Just days after winning acquittal at his impeachment trial, President Clinton was confronted with a new legal threat as a federal judge signaled that she may hold him in contempt of court for providing misleading testimony about his affair with Monica S. Lewinsky.

From Tuesday, February 16

Clinton Enters Post-Impeachment Renewal Phase
With his impeachment trial behind him, President Clinton returned to the world stage free to focus on international challenges, such as drugs and trade, without the distractions of a domestic scandal.

Lott Takes GOP Tax-Cut Show on the Road
Impeachment Trial Over, but Heat Still on Sen. Robb
The Karma Kid

From Monday, February 15

Public Gives Clinton Blame, Record Support
Most Americans approve of the Senate votes not to remove President Clinton from office but blame him for the impeachment trial and remain divided over what, if anything, should happen next, according to a new Washington Post survey.

Scholars Consider Trial's Legal Lessons

From Sunday, February 14

A Train That Wouldn't Stop
The five-month drive to remove President Clinton was kept in motion by a committed few, even as their fervor helped seal their defeat. The Post looks back at the crucial turning points.

Behind Closed Doors, Senate Struggled
Scandal May Resonate in Campaigns
Clinton, Hill GOP Turn to Agendas
Collective Sigh Heard Round the World

From Saturday, February 13

Clinton Acquitted
The United States Senate acquitted William Jefferson Clinton on charges that he committed perjury and obstruction of justice to hide sexual indiscretions with a onetime White House intern, permitting the 42nd president to complete the remaining 708 days of his term.

Image: The Feb. 13 Front Page
President Responds With Simple Apology
Senate GOP Moderates Go Their Own Way
Censure Resolution Put on Indefinite Hold
Rehnquist Departs Trying Experience
For Senators, a Defining Moment
Lieberman: One Senator's Journey
Va.'s Warner Breaks Ranks
'Managers' Put Brave Face on Bitter Loss
Predictability Can't Rob the Moment
Scandal's Storm Cloud Dissipates Quietly
At Last, Time for the 'People's Business'
Lawyer Qualifies Tripp's Statement
A Capital City Without a Country
The Scandal: Making Sins of It All
For Press, Is This the End of the Story?
A Bipartisan Motion to Adjourn Out of Town

Online Extra:
Roll Call Votes: Perjury | Obstruction
Text of Clinton's Rose Garden Statement
Clinton's E-mail to White House Staff
Full Text of Censure Resolution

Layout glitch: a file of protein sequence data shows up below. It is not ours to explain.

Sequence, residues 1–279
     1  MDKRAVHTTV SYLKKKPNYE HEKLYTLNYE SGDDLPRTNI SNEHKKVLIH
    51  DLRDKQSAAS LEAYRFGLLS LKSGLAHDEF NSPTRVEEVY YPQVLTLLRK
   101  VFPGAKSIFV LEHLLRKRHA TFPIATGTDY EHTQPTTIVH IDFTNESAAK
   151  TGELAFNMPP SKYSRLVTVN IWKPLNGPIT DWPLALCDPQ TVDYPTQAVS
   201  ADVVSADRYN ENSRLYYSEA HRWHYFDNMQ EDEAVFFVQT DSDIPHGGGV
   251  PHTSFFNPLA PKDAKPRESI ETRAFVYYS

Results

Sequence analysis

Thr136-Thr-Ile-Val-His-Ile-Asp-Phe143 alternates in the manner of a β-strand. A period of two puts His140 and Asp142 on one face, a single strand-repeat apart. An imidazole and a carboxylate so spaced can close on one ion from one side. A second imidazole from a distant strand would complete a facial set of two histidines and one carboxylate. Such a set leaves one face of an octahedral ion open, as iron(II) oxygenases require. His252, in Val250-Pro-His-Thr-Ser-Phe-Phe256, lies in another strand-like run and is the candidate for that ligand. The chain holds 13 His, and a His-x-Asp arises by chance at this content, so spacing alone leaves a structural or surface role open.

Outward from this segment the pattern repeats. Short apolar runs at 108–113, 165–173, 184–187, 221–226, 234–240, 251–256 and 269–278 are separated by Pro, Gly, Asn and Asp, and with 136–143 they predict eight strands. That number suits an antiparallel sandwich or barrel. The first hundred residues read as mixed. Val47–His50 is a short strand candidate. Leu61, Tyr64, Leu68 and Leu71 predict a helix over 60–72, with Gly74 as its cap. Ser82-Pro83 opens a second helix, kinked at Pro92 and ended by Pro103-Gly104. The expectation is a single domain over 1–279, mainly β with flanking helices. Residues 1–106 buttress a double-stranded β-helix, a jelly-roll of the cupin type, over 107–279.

Multimedia Slideshow: The Senate Trial
Post Cartoons: On Trial With Herblock
3-D Panorama: Kennedy News Conference

From Friday, February 12

Acquittal Nears Majority in Friday's Vote
Secret deliberations in President Clinton's trial wound toward a finish, as a fourth Republican announced plans to reject both articles of impeachment.

Clinton's Path: Redemption or Retribution
Analysis: Next Move Is Starr's
Schippers Calls Trial a 'Sham'
Feinstein: A Last-Minute Push for Censure
Scandal's Legacy: A Blush of Open Sex Talk
For Teens, the Political Is Personal
Tripp Accuses Clinton of Abuse
Hitchens: The Journalist's Sharpened Pen
Scandal Rewrites the Media's Rules
Lewinsky's Quiet Helper on Book Deal

From Thursday, February 11

Acquittal May Win Majority
Three Republican senators declared Wednesday that they will vote to acquit President Clinton of high crimes and misdemeanors as closed-door deliberations stretched through a second day.

Year of Scandal Puts Washington on Trial
Justice Probes Starr's Alleged Misconduct
Rules Leave Senators Tongue-Tied
Steele Seeks Dismissal of Charges
In N.J., Case Confirms Worst Suspicions
Robert Byrd: The Unyielding Senator

From Wednesday, February 10

Senate Debates Clinton's Fate in Private
The Senate cleared its galleries and closed its doors to begin private deliberations on the fate of President Clinton, even though there appeared to be no secret about the ultimate outcome of the impeachment trial.

Clinton Plans Post-Vote Statement
GOP Fears Negatives Are Compounding
Sen. Bennett Rises Above the Debate
On-the-Job Training for Senate Page
Hotel's Recipe for Feeding the Frenzy

Online Extra:
Roll Call Vote on Public Deliberations

From Tuesday, February 9

Senate Set for Final Trial Debate